You got it wrong, slowly.

Aha! This question and questions like it are what killed your score. You have two options now. One option is to figure out how to do this question fast. A better option is to recognize that even attempting this question was a massive waste of your time. Learn to recognize questions like it, and in the future don’t even start. Take notes. For example,  “From now on, I will guess on tough probabilities, rate problems with variables, and anything with a parabola.”

In summary:

We wish score improvements happened in a straight line, but they don’t. Instead, your score will improve in lurches and leaps, with frustrating setbacks and demoralizing plateaus. Rest assured you’re not alone, and that we’ve seen it all before. Keep learning, practicing, and playing, and you’ll see that score move soon.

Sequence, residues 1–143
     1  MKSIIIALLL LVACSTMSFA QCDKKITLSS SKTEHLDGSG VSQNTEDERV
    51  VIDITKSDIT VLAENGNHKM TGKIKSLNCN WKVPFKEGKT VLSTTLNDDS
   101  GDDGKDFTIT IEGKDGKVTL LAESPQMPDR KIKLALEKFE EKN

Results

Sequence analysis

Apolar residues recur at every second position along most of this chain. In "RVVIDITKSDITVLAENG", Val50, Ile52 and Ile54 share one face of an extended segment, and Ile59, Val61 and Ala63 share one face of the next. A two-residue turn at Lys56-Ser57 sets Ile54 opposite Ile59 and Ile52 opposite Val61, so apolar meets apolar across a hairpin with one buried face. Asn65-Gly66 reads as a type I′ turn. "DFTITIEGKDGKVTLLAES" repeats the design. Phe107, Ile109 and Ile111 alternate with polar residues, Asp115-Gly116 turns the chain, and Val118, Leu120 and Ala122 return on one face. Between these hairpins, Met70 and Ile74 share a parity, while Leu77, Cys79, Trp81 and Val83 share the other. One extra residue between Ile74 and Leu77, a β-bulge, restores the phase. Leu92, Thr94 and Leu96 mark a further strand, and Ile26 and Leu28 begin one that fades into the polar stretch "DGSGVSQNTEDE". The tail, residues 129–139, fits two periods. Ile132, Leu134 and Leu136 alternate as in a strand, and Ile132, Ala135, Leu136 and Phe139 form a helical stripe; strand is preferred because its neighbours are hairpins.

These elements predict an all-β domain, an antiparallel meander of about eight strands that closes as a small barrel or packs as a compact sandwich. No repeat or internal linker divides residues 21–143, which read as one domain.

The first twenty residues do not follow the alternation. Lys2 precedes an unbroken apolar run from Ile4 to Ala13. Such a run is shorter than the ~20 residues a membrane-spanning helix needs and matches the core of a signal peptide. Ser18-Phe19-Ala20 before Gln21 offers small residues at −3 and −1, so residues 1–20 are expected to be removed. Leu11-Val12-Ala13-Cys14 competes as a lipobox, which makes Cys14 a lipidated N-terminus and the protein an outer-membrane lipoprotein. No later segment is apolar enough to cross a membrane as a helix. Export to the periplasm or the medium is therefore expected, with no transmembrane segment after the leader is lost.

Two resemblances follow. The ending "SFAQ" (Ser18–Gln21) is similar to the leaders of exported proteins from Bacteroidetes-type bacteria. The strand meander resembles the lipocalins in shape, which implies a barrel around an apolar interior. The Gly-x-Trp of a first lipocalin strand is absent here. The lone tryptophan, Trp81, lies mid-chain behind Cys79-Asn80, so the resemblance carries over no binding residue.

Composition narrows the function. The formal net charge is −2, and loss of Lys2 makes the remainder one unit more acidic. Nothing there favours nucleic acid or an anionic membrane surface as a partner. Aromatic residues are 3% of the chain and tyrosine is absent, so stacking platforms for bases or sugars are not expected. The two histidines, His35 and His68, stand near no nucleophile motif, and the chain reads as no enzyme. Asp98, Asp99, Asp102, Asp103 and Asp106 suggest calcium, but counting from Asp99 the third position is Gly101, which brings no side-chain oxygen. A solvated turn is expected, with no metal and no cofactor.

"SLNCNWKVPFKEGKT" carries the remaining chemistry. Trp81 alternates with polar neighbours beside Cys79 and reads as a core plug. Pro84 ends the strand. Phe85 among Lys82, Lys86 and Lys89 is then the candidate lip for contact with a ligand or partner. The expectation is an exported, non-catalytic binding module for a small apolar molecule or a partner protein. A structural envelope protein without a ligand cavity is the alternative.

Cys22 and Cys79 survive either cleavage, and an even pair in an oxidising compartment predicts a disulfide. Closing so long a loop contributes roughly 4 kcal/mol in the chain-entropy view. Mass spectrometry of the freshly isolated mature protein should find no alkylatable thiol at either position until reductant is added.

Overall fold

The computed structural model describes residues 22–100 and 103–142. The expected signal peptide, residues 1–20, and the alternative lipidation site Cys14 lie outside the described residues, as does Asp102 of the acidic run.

When you’re ready to take your next practice test, we’ve got one available to you for free. 📝


Find Neil’s guidance helpful? Most do. Don’t forget that you can join him twice monthly for a free hour and a half study session in Mondays with Neil.


neil-thornton-manhattan-prep-gre-instructorWhen not onstage telling jokes, Neil Thornton loves teaching you to beat the GRE and GMAT. Since 1991, he’s coached thousands of students through the GRE, GMAT, LSAT, MCAT, and SAT, and trained instructors all over the United States. He scored 780 on the GMAT, a perfect 170Q/170V score on the GRE, and a 99th percentile score on the LSAT. Check out Neil’s upcoming GRE course offerings here or join him for a free online study session twice monthly in Mondays with Neil.